Back to Flynn and de Havilland for a moment. Being the second of their eight collaborations, it was their pairing that was a selling point for The Charge of the Light Brigade. However, the whole romantic subplot feels like it was shoehorned into the story. (That's Golden Age fare for you.)

Though it was quickly overshadowed by the next film between Curtiz, Flynn and de Havilland two years later, The Charge of the Light Brigade still holds its weight after all these years. It's a bit long in the tooth in some scenes, yes, but that's to be expected. Why? It's an Errol Flynn picture, that's why.

My Rating: ****

Italian for Beginners

It's true that sometimes a woman-directed film solely gets recognition if they're of a raw, gritty and brutal nature. (The films of Kathryn Bigelow, Lynne Ramsay and Andrea Arnold usually apply.) But it's frequently the lighter woman-directed films that tend to get overlooked.

Lone Scherfig's Italian for Beginners for instance tends to get lost in the shadow of her later film An Education. (The latter film isn't darker per se but it isn't a bed of roses either.) But earlier in the decade, she made a charming little film about people trying to change their mundane lives.

Italian for Beginners focuses on a small group of people in a Danish suburb whose sole connection is a class of Italian lessons done mainly for a temporary shift in their weekly routines. Their lives are remarkably ordinary outside the classroom but something changes once they've stepped into it.

Scherfig's film was also a stark contrast to other titles of the Dogme 95 movement. Compared to the dark works of Lars von Trier and Harmony Korine, Italian for Beginners is a breath of fresh air, a deviation from the frequently grim nature of European cinema. (Just a casual observation, mind you.)

Anyway, Italian for Beginners is a deeply charming film. Much like the other entries of the Dogme 95 movement, it doesn't need any big spectacle to maintain its image. It only needs a good script and a keen eye, and Scherfig provides both.

My Rating:

Friday, May 20, 2016

The Nice Guys

Ah, the crime caper. A genre that only a select few can do well. Such a work requires an even balance of comedy and action, a formula of a certain difficulty to some. However, there has been one name that's made the genre his own.

That person is Shane Black. When someone has titles like Lethal Weapon and Kiss Kiss Bang Bang, it's clear that he has a firm grasp of what's to be expected from the genre. So how has he done with his latest The Nice Guys? Well, one thing's for certain: eleven years may have passed but Black's knack for writing hasn't dulled since his directorial debut.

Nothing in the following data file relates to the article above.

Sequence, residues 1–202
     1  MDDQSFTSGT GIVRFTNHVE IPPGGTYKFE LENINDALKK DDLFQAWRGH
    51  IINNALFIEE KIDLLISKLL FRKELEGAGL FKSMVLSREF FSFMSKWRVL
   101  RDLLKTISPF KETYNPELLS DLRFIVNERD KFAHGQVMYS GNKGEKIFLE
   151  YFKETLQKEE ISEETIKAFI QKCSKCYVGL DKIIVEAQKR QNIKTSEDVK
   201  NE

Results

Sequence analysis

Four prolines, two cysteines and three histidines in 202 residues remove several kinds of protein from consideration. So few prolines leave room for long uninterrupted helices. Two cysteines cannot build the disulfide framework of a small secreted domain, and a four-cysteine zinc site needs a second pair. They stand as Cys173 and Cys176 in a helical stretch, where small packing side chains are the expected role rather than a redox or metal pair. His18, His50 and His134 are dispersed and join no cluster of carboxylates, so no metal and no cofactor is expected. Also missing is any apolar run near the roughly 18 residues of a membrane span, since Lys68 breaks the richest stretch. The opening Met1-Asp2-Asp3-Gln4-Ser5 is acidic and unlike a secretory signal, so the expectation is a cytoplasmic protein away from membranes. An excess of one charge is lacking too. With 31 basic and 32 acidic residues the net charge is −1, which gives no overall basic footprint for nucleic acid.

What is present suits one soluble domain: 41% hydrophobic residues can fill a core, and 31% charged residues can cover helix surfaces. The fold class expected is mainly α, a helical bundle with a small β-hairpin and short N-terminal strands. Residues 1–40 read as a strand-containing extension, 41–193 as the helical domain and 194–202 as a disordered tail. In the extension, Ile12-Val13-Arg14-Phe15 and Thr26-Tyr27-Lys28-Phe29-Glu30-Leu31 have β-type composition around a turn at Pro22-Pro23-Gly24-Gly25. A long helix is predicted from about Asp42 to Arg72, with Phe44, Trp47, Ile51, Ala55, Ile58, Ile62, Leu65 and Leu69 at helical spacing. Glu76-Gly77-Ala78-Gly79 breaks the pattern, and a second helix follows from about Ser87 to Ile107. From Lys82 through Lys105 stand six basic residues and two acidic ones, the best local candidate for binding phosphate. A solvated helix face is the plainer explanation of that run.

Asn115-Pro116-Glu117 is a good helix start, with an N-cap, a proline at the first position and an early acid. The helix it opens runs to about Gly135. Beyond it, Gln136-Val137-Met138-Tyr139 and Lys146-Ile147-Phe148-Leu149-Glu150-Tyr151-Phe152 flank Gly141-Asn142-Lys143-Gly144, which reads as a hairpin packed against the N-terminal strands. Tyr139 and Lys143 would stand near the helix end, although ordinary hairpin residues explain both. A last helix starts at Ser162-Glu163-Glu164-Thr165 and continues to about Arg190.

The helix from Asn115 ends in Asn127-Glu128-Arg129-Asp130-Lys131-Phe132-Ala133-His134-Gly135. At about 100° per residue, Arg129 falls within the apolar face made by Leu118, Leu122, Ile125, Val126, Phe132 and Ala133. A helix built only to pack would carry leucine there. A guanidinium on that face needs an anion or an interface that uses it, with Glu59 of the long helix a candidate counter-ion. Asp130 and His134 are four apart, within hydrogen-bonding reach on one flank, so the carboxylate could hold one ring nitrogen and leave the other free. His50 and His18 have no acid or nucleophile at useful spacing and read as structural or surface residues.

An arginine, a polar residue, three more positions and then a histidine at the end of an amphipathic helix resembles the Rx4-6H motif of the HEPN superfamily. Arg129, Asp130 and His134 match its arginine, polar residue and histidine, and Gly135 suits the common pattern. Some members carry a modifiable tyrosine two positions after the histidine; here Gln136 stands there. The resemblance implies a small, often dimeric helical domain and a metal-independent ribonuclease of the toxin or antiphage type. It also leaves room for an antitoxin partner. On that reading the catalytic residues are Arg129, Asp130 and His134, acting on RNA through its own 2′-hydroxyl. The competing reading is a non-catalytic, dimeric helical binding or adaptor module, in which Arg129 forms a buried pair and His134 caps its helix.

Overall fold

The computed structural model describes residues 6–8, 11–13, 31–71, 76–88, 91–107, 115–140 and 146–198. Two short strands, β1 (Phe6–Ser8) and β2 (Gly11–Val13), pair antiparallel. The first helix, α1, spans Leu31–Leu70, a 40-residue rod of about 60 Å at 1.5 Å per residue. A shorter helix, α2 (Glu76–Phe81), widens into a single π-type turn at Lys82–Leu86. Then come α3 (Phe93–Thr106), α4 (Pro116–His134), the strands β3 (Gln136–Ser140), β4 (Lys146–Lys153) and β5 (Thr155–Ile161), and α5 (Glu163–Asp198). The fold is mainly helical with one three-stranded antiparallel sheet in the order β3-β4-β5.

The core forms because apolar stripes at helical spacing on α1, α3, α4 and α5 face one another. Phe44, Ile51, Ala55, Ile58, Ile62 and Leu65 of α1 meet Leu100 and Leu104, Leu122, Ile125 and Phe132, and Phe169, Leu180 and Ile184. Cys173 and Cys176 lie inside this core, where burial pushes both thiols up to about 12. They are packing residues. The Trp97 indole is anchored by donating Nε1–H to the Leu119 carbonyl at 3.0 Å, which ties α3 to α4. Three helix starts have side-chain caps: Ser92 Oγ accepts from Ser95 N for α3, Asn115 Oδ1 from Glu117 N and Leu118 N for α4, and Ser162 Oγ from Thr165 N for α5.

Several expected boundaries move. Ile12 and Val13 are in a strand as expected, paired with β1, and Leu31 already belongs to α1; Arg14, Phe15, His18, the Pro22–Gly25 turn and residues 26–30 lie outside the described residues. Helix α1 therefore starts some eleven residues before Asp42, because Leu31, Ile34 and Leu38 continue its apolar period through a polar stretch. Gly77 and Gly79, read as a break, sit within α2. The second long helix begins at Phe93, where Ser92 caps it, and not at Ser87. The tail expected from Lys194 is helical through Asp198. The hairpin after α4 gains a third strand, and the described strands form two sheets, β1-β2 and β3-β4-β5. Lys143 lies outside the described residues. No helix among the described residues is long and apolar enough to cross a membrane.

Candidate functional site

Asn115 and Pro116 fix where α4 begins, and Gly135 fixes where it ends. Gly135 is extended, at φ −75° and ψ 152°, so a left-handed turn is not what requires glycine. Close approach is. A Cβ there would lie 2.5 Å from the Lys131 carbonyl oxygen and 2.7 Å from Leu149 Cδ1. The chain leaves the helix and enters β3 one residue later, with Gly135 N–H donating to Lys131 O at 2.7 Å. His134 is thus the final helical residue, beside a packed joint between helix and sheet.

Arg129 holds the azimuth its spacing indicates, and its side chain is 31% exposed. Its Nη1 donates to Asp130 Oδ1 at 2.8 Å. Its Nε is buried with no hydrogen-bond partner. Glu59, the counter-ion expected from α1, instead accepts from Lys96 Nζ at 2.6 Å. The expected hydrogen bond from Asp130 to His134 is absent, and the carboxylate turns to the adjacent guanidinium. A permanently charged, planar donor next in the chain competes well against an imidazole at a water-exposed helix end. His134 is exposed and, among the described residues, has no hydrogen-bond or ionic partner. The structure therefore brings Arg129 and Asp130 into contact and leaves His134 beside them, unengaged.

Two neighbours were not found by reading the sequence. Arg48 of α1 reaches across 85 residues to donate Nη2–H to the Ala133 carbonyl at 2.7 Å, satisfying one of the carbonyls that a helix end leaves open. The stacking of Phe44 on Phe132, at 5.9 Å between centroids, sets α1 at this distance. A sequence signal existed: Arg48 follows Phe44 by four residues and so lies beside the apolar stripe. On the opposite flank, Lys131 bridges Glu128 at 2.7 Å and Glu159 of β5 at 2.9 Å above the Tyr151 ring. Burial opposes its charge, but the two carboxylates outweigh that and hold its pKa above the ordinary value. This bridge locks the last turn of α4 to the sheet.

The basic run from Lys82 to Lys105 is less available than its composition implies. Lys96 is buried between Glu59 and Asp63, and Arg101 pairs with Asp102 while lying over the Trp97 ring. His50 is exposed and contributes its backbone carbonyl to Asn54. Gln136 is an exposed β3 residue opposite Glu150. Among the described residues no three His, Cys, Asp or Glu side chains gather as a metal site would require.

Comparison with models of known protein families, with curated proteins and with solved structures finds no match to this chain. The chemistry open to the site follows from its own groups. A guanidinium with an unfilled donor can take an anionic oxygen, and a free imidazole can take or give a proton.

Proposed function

With elements borrowed from the likes of The Long Goodbye and Night Moves (to name a few), The Nice Guys captures the essence of the 1970s amid the plot of various mysterious occurrences. And as is the situation for the genre, these supposedly unrelated instances have a tying factor.

As perhaps the most unlikely of duos (at least at first glance) are Russell Crowe and Ryan Gosling. Now the combination of these two actors sounds strange at first but this is a Black film after all, so he knows how to coax out solid interactions between the two. (That's inevitable to be honest.)

In some ways, The Nice Guys surpasses Kiss Kiss Bang Bang when it boils down to humor. Thanks to the chemistry between Crowe and Gosling (as well as Angourie Rice basically stealing every scene), it's one of those comedies that will hold up in the years to come. (However, hopefully Black will improve the female characters in his films.)

My Rating: ****1/2

Money Monster

As of late, a number of films have been focusing on the state of the economy. Some use it as the motive for a zany scheme in a comedy. Others as a means of a high-stakes thriller. Either way, you tend to get at least a decent film.

So how does Jodie Foster's Money Monster fare? (Pun not intended.) Indeed it does highlight the aftermath of financial decisions but something in Foster's execution that feels off kilter. That said, how does the rest of the film's many elements work?

Money Monster features a solid roster of actors: George Clooney, Julia Roberts, Jack O'Connell, Catriona Balfe and Dominic West. And Foster ensures consistent from them all, O'Connell in particular. But again, the film's pacing limits the actors considerably.

How so though? Well, Money Monster starts with all pistons running but for a film with a running time of 98 minutes, that can only last for so long. (It starts to give way about halfway through.) Still, you have to admire the crew's tenacity.

Money Monster definitely has ambition brimming in it though it doesn't fully deliver. Indeed the work from its director and stars is good but all they present is a familiar take on an old yarn. Hey, one can only go so far with one plot...

My Rating: ***1/2

Tuesday, May 17, 2016


From the late 1970s to the early 1990s, Harrison Ford was easily the biggest box-office draw. (With the original Star Wars trilogy and the first three Indiana Jones movies being released within that time frame, it's easy to see why.) But his fare of that time was strictly of the blockbuster variety.

In 1985, he starred in Peter Weir's Witness. It was proof  that Ford was capable of more than just Han Solo and Indiana Jones. (Further proven by him getting an Oscar nomination as a result.) He may be known for his various action movies but Witness proved he could act.